The world's first Northern Lights observatory is the focus of this account about everyday life and epoch-making pioneering of geophysical research on Haldde Mountain in Finnmark, Norway. Inside four walls in extreme weather conditions at 9000 metres above sea level, the residents formed a class-divided mini-society with researchers, assistants, wives and maids.This book provides an insight into eventful years of the last century. Children are born, photographs and measurements of the Northern Lights are taken, the research develops, and important people die. The work conducted on Haldde Mountain resulted in a geophysical institute and weather forecasting services for Northern Norway and was the basis for the foundation of Norway's most northern university. The book builds on private letters, memoirs and archive material about daily life and research.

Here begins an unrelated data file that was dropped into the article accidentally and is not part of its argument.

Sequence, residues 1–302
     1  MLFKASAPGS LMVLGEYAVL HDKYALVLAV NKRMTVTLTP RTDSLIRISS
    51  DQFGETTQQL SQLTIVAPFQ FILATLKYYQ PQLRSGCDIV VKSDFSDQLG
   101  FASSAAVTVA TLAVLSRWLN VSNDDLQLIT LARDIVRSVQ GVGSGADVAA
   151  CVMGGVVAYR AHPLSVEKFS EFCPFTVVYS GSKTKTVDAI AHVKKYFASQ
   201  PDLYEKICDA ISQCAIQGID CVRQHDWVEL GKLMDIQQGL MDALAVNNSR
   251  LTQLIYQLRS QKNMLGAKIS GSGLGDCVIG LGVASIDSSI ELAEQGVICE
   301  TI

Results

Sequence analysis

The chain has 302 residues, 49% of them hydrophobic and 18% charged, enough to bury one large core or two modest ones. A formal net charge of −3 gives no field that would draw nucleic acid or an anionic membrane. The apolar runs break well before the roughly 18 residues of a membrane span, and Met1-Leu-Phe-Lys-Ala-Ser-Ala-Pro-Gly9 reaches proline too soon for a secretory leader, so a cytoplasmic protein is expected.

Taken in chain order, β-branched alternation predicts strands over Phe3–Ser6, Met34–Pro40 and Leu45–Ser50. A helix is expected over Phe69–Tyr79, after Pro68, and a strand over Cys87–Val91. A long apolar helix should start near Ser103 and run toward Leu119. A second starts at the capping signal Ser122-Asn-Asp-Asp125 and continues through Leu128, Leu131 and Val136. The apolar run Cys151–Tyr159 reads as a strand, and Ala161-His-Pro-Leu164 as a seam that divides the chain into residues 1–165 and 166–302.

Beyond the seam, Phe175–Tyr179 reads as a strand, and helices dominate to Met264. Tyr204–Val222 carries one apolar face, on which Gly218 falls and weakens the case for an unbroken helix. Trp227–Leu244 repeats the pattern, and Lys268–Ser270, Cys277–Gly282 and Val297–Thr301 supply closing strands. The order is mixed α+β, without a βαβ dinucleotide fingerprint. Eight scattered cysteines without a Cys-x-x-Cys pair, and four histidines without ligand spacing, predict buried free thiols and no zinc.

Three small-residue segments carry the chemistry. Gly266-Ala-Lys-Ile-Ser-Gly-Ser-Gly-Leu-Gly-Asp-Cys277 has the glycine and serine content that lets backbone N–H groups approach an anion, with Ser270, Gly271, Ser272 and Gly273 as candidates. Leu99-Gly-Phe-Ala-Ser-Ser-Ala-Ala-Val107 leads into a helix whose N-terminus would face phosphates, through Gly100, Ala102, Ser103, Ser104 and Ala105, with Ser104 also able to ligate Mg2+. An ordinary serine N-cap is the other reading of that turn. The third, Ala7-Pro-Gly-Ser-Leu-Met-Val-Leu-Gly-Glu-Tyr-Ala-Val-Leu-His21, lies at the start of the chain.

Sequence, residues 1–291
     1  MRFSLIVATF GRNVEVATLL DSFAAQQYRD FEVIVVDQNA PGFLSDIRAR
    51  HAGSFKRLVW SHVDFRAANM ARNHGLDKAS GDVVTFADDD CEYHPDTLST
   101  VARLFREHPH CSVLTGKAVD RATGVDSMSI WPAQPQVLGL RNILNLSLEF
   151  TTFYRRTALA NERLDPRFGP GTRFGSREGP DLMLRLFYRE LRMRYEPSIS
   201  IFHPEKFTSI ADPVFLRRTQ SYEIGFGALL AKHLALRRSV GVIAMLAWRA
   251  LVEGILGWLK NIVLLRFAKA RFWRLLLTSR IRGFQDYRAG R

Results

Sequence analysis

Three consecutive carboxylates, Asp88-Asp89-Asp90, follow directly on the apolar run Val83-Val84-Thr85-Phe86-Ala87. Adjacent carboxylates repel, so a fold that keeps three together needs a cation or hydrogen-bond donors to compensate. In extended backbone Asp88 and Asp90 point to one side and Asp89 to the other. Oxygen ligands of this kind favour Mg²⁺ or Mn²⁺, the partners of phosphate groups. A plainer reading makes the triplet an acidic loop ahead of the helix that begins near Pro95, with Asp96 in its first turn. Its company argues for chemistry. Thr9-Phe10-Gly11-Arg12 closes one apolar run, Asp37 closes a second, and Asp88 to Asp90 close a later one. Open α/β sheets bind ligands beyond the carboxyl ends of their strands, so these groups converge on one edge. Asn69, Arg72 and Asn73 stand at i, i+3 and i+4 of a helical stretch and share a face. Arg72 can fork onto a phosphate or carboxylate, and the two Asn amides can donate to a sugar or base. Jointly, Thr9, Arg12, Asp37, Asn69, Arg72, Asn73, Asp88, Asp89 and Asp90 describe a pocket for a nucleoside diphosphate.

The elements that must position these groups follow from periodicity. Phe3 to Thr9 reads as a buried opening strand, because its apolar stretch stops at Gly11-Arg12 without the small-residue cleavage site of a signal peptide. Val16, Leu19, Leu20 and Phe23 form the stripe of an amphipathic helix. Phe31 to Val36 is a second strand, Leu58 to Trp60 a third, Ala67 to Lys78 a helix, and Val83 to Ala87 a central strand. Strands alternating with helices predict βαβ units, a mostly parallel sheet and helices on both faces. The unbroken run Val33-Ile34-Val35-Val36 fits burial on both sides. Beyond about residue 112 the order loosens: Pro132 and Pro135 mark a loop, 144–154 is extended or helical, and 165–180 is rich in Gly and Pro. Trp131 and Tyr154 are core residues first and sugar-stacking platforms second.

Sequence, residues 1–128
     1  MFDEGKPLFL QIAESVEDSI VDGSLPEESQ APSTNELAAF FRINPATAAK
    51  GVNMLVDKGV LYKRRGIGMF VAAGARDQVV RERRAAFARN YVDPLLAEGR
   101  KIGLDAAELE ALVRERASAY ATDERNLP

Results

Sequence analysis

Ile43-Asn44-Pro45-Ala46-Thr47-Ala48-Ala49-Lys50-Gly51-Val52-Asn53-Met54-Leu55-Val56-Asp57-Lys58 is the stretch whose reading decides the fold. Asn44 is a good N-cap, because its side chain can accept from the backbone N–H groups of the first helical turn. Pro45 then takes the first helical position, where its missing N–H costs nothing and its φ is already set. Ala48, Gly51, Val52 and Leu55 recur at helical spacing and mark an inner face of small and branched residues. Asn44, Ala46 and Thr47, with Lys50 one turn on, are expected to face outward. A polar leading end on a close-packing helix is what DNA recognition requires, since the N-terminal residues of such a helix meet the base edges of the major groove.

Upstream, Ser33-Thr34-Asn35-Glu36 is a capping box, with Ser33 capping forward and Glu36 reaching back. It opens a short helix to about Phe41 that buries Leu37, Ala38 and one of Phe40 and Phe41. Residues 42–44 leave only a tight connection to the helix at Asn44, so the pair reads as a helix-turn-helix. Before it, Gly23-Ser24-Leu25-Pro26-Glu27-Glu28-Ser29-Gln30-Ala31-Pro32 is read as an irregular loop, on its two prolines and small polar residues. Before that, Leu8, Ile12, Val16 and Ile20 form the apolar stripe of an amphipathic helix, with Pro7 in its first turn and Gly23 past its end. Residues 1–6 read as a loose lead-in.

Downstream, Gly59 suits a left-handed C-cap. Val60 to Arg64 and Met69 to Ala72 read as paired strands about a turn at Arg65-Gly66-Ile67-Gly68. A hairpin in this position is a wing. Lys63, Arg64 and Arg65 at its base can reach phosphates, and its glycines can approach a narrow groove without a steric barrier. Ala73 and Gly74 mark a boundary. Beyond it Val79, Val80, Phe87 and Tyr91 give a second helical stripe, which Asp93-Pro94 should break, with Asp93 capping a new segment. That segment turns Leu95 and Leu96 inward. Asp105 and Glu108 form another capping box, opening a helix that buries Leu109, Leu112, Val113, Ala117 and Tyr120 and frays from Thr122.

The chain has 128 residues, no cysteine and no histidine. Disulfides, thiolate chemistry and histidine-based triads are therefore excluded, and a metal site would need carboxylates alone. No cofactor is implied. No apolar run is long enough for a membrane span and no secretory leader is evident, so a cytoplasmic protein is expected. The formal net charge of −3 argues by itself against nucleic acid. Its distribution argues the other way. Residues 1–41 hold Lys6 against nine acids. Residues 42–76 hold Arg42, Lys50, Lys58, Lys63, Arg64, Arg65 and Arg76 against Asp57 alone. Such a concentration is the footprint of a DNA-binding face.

Science and Daily Life in the Study of the Northern Lights, 1898-1928